The whole history of jazz in just three days
What is jazz? Get any two fans together and you'll soon have three answers to that question, but whatever your personal take on the music there's something for you among the 40 acts appearing at this year's inaugural Bristol International Jazz and Blues Festival.
The three-day event takes over the Colston Hall with prestigious national and international acts appearing in both the main hall and Hall 2, plus the cream of local talent appearing on a free stage in the foyer, and late night jam sessions in the Top Bar rounding off each day's entertainment.
The whole history of jazz is represented, too, from the classic trad of the Big Chris Barber Band (Friday, 6.30pm) to the cutting edge contemporary music of Trio Libero (Sunday, 2.15pm), local hero Andy Sheppard's latest international project and US jazz guitar icon John Scofield's Organic Trio (Saturday, 9pm). In between, historically speaking, there's the Bateman Brothers' tribute to the great Louis Armstrong's All Star bands (Sunday, 12.45pm) and BBC broadcaster and renowned jazz authority Alyn Shipton brings the Buck Clayton Legacy Band (Saturday, 12.45pm) in celebration of the trumpet genius from Count Basie's band.
The jazz trumpet is almost a theme of the festival, in fact, with top local players Andy Hague (Sunday, 7pm) and Nick Malcolm (Saturday, 8pm) bringing their highly rated quartet and quintet respectively, and Andrew Colman's Brass Junkies (Sunday, 6pm) representing the Bristol scene. And no doubt all three of those players will be over the moon to be mentioned on the same bill as Sunday's headliner Arturo Sandoval (9pm). He rose to fame in his native Cuba in the Sixties but a meeting with his hero Dizzy Gillespie in the Seventies led to him joining the great man's band and, eventually, defecting to the USA, where his dazzling virtuosity and soaring tone have kept him as a leading light in Afro-Cuban jazz ever since.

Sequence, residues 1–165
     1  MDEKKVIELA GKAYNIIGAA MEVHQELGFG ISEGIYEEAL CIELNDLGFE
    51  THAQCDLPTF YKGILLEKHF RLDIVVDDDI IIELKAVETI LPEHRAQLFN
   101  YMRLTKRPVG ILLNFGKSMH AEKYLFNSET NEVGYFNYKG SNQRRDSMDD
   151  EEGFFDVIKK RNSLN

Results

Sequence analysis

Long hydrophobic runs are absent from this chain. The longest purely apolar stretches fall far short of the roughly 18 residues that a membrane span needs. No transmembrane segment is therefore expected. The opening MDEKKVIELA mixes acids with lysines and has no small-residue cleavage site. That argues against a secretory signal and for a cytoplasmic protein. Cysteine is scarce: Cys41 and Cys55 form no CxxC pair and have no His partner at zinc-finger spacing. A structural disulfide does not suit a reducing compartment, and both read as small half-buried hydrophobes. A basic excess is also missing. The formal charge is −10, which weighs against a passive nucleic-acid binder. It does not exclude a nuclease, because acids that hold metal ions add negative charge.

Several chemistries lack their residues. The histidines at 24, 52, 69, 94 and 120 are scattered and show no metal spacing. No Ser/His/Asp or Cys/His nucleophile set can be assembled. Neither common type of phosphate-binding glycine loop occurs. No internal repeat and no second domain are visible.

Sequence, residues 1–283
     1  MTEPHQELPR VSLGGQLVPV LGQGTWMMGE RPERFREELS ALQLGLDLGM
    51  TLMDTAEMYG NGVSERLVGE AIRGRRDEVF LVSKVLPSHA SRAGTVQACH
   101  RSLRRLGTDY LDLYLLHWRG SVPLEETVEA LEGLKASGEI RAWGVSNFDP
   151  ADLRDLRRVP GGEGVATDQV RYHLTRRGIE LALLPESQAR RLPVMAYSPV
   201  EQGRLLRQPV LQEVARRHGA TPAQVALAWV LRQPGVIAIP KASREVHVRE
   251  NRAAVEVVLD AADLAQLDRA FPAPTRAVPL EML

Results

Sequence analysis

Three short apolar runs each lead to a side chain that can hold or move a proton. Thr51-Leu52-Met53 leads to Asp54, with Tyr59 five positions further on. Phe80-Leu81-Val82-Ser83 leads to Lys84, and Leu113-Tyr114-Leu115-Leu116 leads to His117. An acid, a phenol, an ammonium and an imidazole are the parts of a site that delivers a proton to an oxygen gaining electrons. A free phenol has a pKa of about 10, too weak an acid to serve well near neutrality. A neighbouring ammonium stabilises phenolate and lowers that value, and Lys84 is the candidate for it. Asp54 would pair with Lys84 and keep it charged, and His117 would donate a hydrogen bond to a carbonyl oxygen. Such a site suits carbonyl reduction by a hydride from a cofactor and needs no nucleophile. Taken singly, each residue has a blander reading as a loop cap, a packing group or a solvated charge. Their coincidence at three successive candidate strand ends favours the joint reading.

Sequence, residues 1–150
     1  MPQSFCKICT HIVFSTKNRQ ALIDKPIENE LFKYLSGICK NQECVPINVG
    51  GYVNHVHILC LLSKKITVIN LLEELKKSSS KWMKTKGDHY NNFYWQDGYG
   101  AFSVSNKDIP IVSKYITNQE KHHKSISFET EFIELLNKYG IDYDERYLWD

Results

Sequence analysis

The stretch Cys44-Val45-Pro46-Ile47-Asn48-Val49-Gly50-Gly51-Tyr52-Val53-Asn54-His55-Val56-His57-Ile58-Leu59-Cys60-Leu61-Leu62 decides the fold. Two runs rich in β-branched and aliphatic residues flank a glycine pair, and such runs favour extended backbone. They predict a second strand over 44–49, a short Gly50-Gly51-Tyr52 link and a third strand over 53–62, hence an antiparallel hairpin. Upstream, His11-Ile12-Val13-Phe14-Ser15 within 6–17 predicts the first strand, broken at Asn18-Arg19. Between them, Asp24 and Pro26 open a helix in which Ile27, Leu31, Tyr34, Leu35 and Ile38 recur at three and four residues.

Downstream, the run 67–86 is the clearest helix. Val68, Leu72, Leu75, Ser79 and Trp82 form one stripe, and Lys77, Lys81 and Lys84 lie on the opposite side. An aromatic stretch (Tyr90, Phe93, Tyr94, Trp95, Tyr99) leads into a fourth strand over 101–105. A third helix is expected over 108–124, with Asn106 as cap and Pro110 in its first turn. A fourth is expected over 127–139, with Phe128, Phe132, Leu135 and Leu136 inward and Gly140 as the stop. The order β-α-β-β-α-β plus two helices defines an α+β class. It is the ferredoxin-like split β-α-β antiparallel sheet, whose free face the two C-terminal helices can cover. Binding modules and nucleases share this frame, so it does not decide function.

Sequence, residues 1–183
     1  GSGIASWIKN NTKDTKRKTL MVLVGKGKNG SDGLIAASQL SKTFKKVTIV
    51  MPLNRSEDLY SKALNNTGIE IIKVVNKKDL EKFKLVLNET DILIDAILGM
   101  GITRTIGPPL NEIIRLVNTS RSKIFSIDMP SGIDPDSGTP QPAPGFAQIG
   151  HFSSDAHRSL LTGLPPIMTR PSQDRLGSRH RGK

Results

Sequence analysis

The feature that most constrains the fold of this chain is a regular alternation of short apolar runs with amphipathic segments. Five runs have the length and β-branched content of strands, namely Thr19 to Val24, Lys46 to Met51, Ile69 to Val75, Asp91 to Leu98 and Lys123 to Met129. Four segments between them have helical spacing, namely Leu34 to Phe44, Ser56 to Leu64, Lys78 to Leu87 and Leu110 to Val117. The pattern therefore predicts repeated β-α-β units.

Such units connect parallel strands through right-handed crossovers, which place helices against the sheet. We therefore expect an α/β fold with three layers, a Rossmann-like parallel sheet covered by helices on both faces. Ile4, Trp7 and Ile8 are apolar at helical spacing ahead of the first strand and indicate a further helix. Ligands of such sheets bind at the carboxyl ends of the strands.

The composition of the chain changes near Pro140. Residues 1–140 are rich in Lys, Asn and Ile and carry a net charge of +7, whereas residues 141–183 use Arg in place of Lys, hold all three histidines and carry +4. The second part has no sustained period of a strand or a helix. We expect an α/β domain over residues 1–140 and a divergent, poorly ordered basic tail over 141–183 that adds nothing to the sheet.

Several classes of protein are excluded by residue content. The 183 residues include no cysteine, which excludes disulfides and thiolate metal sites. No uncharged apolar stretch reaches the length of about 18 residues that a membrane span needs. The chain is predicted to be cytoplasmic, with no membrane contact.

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Fans of jazz guitar are in for a busy weekend, too, and not just because of John Scofield. After the former Charlie Mingus sideman appeared on Miles Davis' 1983 album Star People he became a star of Blue Note records known for combining innovation and traditionalism, and his Organic Trio is a straightahead affair showcasing his gift for lyrical melody.
There'll be more modern six-string action when Portishead guitarist Adrian Utley joins award-winning modernists Get The Blessing (Saturday, 3.45pm), while a Sunday "double bill" of axe-wielding bluesmeisters Innes Sibun (2.30pm) and Matt Schofield (3.45) should remind us of one of the most important roots of all jazz.
Finally, respect is most definitely due to the Festival's two patrons: Lillian Boutte (Saturday, 6.45pm) – the dynamite-voiced Musical Ambassador for New Orleans, brings the rich mix of soul, funk and jazz that made that city the legend that it is – while godfather of the funk saxophone Pee Wee Ellis makes two spectacular appearances with a special outing of the Pee Wee Ellis Assembly (Sunday, 6.45pm), featuring golden-toned singer Clare Teal, following on from his part in Ginger Baker's Jazz Confusion, a percussion-heavy groove-machine featuring the wildly brilliant polyrhythms of the former Cream drummer.